The serve is the start of a Badminton rally and is the most valuable aspect of a game. It is a shot that has to be done correctly to win the points. One must have to take time to get ready for the shot, no excuse to get it wrong.
To begin the rally, one player has to serve it in an upward direction and stand inside a service court. This is the first shot that a player has complete control of it no matter how strong and fast an opponent is.
Types of Badminton Serves
Let’s understand basic Badminton serve techniques that can help you get a good start in the game.
The name itself suggests that it has a highly curved path that goes to the back service line of your opponent’s side. If it is hit correctly, it may end with a sharp vertical fall. It is not an easy return for your rival.
Take position near the centerline and set your non-racket leg forward and another foot should be back (one step) with an outward angle a little bit. Hold the shuttlecock by feathers, and pull a racket behind to get ready for a wide backswing. Next, just drop a shuttle and hit it to send it high to the back corner of the court.
To achieve a certain vertical length and distance, make sure the energy is transferred properly which can be achieved through a perfect swing. The energy transfers through your body rotation & shifting your body mass from the back to the right foot.
This serve is in demand in singles. When one executes properly to the target corner, the chance is lower for an opponent to return adequately.
Please Consider: if your opponent is good at executing return, you may lose the points. Before executing this serve, make sure you know your opponent's strong and weak points.
Low Serve (Short Serve):
The low serve is a serve that reaches a height barely about a few inches above the net and drops around the short service line. When it is executed properly, an opponent doesn’t have an opportunity to counterattack your serve efficiently, only return is an option for him.
When a master serves it perfectly, it will start dropping quickly towards the short service line, if an opponent takes some extra time to return, the chances are higher that he missed it and you will get time. A receiver can just lift it not smash it, it will benefit to serving man to convert it into a smash opportunity immediately.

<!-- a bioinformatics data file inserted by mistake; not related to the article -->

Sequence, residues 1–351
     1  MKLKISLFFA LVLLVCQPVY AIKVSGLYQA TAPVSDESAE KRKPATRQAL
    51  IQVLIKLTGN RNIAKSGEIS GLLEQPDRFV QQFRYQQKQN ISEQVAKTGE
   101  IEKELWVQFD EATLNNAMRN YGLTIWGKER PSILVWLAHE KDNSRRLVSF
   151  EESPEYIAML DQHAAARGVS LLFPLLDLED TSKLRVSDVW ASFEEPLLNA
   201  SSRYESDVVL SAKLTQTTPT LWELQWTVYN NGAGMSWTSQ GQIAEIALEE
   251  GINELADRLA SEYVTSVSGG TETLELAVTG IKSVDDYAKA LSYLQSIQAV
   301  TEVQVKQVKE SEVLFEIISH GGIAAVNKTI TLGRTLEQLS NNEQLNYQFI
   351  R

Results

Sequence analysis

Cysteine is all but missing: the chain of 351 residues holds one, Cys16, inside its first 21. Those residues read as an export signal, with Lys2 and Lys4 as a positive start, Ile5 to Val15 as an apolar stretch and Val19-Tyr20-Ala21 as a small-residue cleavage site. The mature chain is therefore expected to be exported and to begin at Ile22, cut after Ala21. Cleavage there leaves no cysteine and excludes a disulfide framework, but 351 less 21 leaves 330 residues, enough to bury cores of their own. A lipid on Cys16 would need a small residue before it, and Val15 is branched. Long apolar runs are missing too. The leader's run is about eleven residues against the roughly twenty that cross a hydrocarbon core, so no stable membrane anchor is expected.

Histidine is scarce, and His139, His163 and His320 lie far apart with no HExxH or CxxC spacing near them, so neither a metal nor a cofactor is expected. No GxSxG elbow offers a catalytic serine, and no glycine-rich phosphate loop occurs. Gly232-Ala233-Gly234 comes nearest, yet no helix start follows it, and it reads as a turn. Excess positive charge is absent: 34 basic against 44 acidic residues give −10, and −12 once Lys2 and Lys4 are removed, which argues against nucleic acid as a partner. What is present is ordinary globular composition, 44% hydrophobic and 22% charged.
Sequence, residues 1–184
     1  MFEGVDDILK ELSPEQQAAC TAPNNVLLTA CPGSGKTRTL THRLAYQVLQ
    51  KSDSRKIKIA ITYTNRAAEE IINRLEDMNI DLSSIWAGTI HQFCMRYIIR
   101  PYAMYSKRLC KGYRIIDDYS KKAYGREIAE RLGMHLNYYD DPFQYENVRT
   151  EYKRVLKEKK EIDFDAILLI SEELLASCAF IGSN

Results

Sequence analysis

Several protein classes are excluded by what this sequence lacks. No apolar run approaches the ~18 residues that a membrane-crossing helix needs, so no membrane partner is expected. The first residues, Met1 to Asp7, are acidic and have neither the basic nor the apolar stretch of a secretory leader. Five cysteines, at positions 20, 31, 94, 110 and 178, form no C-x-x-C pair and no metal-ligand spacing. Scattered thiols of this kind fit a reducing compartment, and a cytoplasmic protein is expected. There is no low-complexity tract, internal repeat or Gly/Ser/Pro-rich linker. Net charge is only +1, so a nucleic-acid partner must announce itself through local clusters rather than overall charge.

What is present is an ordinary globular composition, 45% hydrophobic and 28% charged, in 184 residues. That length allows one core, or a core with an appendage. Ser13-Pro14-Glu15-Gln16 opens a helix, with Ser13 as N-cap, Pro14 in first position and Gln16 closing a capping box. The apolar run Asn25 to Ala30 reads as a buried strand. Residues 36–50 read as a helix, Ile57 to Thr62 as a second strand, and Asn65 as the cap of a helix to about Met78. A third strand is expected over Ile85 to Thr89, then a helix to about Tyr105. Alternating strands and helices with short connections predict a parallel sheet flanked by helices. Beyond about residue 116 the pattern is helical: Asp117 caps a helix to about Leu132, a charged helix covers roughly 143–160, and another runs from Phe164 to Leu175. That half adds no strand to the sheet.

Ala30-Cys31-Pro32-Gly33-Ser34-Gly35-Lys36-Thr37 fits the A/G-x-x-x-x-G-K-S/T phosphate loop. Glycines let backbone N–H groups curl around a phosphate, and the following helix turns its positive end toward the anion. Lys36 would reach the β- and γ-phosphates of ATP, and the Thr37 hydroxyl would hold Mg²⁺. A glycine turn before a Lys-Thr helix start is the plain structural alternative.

This serve is good while playing in doubles as the receiving team has limited shot choices to return the serve. It works well against the tall & aggressive players.
In the modern Badminton game, this serve has been gaining popularity because some professional-level players can easily respond to high serve with their height and ability to jump higher to smash the shuttlecock.
Please Note: An unwritten rule of thumb: Maintain your offensive position in the Badminton to ace.
Flick Serve is considered as an offensive serve that goes upward direction and lands near the far service line. The position of the server is similar to the Low Serve but it may surprise the opponent who anticipates the typical low serve. A server uses his wrist & thump power at the last movement to execute the flick serve.
Despite not getting the height as in a long server, it gains a certain height to sail quickly above the receiver’s reach. This works beautifully in the doubles game to surprise the receiver who thinks it is just a low serve.
The Flick Serve is a punishment to the receivers who are not that good at responding and moving in the backcourt. Today, players play smart and stand a few steps away from the short line to jump & covert the Flick Serve into a controlled smash to win some points. So, be prepared for such a smash quickly after the serve.
Known as flat serve, Drive Serve is a quick offensive serve that travels faster to the mid to far end line of an opponent’s court. This serve relies on how much power you deliver to the shuttlecock through the wrist and thumb. The racket angle plays an important role in differentiating between flick and drive serve.
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It’s a kind of high-risk, high-reward drive because of its ability to surprise receivers or get surprised as you may lose your offensive rhythm in the game. You try it when your opponent quickly identifies your short & flick serve.
If executed well, it may jam the motion of your opponent or mishit. A weak return can give the upper hand to the serving team to play aggressively to get quick points.
The Bottom Line:
You have all four basic drives in the Badminton game, now you just start practising on it and create some diversified shots to start rallies which will be in your control. A low Serve is a good start but adding some spice to the other three serves can help you outnumber your opponent in the game.
Keep practising and enjoy beating your opponents!